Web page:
While the acceptance rate for majors like psychology and education are on the low end, they shouldn’t deter you if your gut tells you computer science is right for you. That’s because majoring in computer science will allow you to pursue a career that allows you to use your intellect to advance knowledge and change the world. Being a computer scientist means gaining the skills and experience necessary to work in any field where computers are applied.

For example, many people who study computer science also go into software development—and earn a paycheck by creating new applications, operating systems, or web sites. At the same time, these same people get training in math, engineering, physics and other fields related to creating such programs. They can even teach classes remotely from their homes using video conferencing technology like Skype.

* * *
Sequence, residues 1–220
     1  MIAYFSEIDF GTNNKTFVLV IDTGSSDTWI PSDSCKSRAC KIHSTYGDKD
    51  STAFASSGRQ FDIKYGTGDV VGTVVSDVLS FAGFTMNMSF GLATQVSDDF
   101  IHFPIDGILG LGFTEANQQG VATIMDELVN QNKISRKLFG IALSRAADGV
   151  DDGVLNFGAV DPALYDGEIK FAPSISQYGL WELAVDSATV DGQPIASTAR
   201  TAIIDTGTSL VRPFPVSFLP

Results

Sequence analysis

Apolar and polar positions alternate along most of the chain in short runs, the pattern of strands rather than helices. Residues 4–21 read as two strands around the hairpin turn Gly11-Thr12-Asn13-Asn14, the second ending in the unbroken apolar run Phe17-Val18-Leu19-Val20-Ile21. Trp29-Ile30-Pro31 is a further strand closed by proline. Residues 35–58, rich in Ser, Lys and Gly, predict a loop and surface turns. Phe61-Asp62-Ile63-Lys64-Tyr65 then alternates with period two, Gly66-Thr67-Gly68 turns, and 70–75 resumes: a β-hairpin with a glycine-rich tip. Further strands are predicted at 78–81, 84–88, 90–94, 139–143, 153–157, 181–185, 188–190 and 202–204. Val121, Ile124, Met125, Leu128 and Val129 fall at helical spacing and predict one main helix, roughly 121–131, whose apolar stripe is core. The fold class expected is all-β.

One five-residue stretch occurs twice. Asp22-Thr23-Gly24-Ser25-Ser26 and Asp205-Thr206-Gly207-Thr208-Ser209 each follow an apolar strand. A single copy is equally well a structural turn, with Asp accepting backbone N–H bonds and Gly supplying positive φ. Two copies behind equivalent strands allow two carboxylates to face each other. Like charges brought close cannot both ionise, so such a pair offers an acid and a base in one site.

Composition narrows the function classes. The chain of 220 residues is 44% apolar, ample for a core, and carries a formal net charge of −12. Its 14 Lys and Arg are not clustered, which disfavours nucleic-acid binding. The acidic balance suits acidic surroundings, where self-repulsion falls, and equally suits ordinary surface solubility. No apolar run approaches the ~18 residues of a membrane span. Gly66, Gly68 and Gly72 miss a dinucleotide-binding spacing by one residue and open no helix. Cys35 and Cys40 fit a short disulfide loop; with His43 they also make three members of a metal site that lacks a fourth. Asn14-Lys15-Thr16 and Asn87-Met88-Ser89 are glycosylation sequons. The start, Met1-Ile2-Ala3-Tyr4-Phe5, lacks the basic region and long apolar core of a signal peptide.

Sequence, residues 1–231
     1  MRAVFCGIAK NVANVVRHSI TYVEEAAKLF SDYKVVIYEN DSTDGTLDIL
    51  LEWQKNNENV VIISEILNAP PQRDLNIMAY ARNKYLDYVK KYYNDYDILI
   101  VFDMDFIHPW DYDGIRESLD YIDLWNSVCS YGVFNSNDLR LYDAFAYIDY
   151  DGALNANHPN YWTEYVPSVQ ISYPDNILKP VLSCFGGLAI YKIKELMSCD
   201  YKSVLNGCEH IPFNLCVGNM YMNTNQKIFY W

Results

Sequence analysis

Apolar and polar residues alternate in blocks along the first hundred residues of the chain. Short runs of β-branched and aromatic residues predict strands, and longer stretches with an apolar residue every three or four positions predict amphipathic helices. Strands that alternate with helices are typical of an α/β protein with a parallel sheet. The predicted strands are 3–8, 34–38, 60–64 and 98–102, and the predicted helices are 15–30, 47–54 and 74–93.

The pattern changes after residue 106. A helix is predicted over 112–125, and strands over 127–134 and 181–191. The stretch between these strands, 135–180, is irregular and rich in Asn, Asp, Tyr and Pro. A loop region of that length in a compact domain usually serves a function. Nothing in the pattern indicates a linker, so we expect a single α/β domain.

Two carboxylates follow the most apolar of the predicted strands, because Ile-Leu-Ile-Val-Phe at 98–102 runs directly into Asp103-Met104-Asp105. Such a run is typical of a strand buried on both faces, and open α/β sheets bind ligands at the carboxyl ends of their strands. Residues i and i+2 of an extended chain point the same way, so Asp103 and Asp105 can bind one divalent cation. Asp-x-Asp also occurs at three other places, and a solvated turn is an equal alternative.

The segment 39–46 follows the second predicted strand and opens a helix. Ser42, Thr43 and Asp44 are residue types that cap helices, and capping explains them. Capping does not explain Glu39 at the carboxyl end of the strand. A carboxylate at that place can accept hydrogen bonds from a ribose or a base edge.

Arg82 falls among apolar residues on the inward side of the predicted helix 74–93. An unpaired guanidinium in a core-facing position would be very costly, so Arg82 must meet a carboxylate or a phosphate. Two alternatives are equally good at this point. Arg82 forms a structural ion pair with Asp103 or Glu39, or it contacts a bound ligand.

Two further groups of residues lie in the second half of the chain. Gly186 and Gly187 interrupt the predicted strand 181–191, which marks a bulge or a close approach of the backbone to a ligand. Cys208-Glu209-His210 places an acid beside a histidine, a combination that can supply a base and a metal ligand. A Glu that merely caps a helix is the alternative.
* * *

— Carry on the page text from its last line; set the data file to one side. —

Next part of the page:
The point is that becoming a computer scientist gives you many options for making your living through your expertise with computers. And this holds true no matter what field of work you enter after college—you’ll have all kinds of different options open to you because of what you’ve learned from studying computer science at university

Dance (B.A.)

Dance (B.A. is a form of art that combines choreography and musicality to tell a story or express an emotion.

The national average acceptance rate for Dance (B.A.) was 64% in 2017, but some schools were more difficult to get into than others. The hardest two were the University of the Arts in Philadelphia and New York University’s Tisch School of the Arts, both with acceptance rates under 15%.

Some colleges that offer bachelor’s degrees in Dance (B.A.) include:

  • University of Louisiana at Lafayette
  • Pace University-New York
  • SUNY Cortland

Dance (B.F.A.)